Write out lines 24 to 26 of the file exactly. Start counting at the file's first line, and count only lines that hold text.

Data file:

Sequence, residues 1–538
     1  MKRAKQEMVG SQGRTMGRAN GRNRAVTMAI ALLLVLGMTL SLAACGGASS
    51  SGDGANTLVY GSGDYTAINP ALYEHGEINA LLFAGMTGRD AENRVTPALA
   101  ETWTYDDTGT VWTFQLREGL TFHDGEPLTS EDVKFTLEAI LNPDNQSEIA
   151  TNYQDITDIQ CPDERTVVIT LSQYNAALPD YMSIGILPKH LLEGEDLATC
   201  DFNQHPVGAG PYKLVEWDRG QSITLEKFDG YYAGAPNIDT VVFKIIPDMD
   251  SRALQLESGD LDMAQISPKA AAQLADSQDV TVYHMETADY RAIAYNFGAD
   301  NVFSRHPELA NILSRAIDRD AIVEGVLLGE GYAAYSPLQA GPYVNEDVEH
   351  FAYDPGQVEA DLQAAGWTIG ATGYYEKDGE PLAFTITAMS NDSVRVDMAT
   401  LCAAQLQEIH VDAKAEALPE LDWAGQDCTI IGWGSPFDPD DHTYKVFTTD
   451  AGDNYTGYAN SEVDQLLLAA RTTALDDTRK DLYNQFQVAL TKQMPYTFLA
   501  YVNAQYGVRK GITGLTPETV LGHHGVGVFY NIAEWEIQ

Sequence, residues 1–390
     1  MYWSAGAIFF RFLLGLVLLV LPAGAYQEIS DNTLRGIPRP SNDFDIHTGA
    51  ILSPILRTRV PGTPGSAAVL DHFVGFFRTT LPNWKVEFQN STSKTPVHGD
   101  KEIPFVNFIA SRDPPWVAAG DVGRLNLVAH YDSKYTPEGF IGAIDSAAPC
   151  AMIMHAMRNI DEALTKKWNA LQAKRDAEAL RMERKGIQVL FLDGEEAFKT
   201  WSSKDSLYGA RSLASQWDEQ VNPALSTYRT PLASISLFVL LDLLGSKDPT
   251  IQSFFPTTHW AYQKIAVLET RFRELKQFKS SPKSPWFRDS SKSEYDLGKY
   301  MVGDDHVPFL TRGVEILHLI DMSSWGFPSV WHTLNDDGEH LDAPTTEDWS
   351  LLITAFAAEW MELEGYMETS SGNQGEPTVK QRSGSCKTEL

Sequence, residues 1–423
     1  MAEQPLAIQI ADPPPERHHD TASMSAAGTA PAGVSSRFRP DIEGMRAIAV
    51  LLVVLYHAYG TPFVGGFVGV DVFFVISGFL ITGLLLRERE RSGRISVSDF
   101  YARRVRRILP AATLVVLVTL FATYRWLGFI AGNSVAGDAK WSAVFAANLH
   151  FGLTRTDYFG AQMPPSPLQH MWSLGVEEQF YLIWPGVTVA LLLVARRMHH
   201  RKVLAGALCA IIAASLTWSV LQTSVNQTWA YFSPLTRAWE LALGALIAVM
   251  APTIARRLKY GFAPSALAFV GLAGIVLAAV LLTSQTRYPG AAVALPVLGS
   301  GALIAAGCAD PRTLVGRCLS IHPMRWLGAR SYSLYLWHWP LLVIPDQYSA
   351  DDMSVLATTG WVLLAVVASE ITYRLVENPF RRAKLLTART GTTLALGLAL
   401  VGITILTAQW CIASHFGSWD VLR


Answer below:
    51  LLVVLYHAYG TPFVGGFVGV DVFFVISGFL ITGLLLRERE RSGRISVSDF
   101  YARRVRRILP AATLVVLVTL FATYRWLGFI AGNSVAGDAK WSAVFAANLH
   151  FGLTRTDYFG AQMPPSPLQH MWSLGVEEQF YLIWPGVTVA LLLVARRMHH